New UK Program Offers Opportunities to Learn About State’s Natural Resources
Kentucky residents with a passion to discover more about their natural world now have the opportunity to gain a better understanding of it thanks to the Kentucky Master Naturalist program. Registration is open for a fall Zoom series with classes on everything from the state’s archaeology to its wildlife. The University of Kentucky Cooperative Extension-led program will include 15 classes aimed at making its participants stewards of the state’s natural resources.
Classes begin at 10 a.m. ET on Sept. 3 and occur at the same time each Friday through Dec. 17. The new program consists of 40 hours of online-based learning, fieldwork and volunteer hours with continuing education available. The format is similar to the Kentucky Extension Master Gardener Program. The Kentucky Master Naturalist program aims to develop a cohort of educated volunteers to advance education, research and outreach efforts related to the conservation and management of natural resources and natural areas within their communities.
“I think it's a great opportunity for anybody who's interested in different topics like archaeology, geology, soil, entomology, weather, climate, water resources and botany,” said Ellen Crocker, assistant professor of forest health extension in the UK College of Agriculture, Food and Environment. “It's a great opportunity for anybody who's interested in those kinds of things, to not only learn more, but to meet other people who they can continue to learn from and share their passion.”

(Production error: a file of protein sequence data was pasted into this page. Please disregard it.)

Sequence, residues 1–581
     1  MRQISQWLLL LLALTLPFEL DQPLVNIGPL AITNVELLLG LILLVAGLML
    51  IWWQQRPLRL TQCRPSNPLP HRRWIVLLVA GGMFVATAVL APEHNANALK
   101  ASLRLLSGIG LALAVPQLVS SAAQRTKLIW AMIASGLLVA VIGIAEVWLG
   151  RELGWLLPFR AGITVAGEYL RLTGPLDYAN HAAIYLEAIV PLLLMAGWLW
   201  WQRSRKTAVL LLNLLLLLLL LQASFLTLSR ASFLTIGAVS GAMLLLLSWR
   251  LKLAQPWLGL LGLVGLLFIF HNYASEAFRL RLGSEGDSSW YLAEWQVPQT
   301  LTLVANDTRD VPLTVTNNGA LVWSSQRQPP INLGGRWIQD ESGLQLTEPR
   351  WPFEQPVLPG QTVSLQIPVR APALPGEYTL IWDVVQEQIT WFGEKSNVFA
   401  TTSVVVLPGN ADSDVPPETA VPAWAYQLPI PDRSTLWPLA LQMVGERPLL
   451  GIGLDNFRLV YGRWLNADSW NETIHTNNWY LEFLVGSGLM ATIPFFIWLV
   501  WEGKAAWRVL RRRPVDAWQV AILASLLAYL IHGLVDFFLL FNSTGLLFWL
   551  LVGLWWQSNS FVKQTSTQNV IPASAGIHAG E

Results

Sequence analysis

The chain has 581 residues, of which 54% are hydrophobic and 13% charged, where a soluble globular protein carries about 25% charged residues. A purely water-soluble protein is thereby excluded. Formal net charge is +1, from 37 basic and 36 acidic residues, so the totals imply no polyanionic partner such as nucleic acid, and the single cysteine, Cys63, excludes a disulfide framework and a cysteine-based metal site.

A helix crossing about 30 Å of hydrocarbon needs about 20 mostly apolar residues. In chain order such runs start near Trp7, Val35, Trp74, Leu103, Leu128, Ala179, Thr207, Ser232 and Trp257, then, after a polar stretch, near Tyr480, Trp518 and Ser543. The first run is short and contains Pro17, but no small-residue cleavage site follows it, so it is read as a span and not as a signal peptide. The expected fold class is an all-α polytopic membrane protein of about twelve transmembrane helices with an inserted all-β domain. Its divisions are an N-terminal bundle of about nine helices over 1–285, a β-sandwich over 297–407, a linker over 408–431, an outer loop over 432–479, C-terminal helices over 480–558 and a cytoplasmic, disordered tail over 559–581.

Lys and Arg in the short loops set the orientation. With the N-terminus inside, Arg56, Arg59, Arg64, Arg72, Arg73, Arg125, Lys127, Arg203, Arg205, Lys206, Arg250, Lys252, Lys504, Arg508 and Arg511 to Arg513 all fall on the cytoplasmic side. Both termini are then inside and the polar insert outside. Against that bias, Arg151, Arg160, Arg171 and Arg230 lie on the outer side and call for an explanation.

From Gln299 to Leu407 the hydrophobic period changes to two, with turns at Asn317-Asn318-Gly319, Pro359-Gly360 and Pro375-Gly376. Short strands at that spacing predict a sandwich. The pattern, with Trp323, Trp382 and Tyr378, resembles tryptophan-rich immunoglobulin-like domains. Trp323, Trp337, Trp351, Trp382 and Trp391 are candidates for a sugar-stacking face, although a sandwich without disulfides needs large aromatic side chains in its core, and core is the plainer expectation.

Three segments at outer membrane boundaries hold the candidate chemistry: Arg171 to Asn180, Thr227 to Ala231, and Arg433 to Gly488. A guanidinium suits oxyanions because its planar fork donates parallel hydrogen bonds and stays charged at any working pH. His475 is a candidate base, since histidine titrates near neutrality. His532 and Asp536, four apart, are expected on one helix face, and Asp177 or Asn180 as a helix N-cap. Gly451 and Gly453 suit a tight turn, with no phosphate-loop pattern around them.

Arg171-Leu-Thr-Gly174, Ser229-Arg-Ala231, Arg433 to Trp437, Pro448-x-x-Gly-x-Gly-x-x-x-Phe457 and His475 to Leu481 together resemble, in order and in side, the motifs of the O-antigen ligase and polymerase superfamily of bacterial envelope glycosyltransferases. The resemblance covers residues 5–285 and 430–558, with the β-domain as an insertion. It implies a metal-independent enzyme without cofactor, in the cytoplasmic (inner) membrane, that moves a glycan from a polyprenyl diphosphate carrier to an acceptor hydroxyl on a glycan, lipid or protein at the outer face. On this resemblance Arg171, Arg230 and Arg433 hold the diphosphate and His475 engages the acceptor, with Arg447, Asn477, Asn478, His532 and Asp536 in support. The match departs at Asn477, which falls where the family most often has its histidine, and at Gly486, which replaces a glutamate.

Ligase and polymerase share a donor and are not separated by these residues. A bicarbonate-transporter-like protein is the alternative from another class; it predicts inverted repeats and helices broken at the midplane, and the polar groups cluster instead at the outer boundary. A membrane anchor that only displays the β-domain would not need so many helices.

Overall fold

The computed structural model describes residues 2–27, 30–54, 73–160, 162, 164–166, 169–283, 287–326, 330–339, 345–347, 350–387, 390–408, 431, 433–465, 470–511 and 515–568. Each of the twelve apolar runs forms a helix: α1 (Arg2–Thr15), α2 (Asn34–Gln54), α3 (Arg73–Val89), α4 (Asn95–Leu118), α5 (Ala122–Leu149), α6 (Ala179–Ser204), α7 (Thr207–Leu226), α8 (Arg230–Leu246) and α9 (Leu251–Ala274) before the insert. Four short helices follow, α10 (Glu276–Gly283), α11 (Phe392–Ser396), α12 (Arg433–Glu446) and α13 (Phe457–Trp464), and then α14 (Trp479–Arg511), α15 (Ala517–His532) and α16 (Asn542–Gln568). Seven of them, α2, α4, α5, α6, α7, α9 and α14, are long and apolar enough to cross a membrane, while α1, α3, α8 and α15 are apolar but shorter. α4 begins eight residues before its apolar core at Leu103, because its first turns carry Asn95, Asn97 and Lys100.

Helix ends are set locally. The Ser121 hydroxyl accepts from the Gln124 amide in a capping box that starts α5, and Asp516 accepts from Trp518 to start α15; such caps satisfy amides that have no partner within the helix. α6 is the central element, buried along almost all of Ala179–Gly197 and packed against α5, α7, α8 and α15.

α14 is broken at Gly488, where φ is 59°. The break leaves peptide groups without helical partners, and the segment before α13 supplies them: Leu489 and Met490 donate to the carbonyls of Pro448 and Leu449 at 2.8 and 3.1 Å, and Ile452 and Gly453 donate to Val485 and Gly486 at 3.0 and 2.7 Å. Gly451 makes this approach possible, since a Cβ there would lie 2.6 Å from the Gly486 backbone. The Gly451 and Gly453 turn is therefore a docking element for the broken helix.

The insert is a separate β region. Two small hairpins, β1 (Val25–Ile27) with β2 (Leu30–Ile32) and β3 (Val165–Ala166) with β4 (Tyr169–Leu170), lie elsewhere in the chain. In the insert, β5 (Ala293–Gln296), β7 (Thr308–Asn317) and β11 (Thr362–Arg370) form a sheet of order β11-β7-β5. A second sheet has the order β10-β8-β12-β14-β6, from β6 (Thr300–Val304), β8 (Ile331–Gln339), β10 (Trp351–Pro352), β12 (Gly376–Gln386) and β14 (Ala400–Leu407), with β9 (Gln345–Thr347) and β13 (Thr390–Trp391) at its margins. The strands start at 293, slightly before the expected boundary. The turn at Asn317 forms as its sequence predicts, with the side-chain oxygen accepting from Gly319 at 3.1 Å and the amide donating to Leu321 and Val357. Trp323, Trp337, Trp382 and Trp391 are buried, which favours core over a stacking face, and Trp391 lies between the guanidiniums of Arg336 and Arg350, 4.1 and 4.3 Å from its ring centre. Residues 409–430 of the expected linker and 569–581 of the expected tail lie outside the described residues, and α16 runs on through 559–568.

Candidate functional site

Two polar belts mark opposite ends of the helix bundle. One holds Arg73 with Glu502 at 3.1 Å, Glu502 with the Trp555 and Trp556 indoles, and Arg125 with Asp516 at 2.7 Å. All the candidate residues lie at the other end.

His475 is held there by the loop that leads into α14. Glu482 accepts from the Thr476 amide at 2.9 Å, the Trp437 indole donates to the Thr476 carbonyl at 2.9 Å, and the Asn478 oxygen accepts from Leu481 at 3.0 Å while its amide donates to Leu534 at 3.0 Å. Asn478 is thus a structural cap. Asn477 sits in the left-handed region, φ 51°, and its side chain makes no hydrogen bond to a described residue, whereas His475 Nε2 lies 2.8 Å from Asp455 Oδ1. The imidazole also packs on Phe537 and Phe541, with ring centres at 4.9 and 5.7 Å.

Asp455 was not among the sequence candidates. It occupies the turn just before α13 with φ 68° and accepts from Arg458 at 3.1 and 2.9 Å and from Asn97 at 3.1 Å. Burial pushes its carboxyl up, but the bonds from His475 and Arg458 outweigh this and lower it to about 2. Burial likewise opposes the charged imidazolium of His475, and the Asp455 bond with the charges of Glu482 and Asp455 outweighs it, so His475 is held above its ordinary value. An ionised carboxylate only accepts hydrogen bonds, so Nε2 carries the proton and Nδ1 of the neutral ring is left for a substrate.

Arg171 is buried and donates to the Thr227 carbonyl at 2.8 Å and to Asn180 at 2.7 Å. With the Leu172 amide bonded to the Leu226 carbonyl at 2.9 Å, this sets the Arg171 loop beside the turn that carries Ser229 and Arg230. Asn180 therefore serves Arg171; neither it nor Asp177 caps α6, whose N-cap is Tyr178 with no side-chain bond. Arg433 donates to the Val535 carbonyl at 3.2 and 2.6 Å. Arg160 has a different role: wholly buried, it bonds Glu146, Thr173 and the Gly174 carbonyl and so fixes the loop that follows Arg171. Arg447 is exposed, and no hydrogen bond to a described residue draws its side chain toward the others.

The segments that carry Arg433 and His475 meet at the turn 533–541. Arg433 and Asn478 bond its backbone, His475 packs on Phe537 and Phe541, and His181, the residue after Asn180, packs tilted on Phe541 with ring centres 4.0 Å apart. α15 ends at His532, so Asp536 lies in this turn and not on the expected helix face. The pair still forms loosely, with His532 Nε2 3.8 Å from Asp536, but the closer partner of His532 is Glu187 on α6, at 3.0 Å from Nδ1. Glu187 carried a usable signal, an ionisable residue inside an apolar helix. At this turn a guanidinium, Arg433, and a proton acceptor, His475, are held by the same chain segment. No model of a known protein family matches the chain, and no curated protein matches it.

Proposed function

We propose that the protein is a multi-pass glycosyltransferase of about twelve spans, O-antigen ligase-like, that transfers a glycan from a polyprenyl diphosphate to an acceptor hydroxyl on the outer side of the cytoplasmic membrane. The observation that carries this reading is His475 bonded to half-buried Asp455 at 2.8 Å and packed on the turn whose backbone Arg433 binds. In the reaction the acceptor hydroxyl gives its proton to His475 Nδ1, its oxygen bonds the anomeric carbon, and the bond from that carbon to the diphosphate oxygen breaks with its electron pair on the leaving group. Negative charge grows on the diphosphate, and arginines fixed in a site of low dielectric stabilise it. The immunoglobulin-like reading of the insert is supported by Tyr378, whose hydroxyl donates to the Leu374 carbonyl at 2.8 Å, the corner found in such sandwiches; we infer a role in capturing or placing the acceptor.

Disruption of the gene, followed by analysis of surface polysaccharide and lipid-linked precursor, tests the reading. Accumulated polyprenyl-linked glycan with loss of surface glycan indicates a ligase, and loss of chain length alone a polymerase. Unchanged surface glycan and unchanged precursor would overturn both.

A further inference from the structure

The 1.5 hour live sessions will be recorded to give the students the option to watch at their convenience. Each class will consist of an hour-long teaching segment followed by a half hour of question and answers.
“Our goal is for these master naturalists to work with natural areas and different groups in their local areas,” Crocker said. “We believe that will really have a positive impact on communities and nature. I’m really excited to be part of starting this program in Kentucky.”